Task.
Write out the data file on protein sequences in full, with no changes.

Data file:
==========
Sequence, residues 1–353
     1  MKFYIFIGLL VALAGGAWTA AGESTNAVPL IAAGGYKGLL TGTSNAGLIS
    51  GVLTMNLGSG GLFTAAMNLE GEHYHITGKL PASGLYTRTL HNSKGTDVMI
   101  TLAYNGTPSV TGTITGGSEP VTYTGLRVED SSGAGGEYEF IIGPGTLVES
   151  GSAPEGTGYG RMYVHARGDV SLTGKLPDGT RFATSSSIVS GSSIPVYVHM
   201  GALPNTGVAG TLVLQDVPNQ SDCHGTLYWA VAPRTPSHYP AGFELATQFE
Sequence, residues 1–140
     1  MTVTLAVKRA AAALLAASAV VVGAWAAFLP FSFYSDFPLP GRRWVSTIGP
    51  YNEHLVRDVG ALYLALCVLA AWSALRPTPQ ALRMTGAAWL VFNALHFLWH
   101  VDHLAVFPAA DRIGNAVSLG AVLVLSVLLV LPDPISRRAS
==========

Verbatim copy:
Sequence, residues 1–353
     1  MKFYIFIGLL VALAGGAWTA AGESTNAVPL IAAGGYKGLL TGTSNAGLIS
    51  GVLTMNLGSG GLFTAAMNLE GEHYHITGKL PASGLYTRTL HNSKGTDVMI
   101  TLAYNGTPSV TGTITGGSEP VTYTGLRVED SSGAGGEYEF IIGPGTLVES
   151  GSAPEGTGYG RMYVHARGDV SLTGKLPDGT RFATSSSIVS GSSIPVYVHM
   201  GALPNTGVAG TLVLQDVPNQ SDCHGTLYWA VAPRTPSHYP AGFELATQFE
Sequence, residues 1–140
     1  MTVTLAVKRA AAALLAASAV VVGAWAAFLP FSFYSDFPLP GRRWVSTIGP
    51  YNEHLVRDVG ALYLALCVLA AWSALRPTPQ ALRMTGAAWL VFNALHFLWH
   101  VDHLAVFPAA DRIGNAVSLG AVLVLSVLLV LPDPISRRAS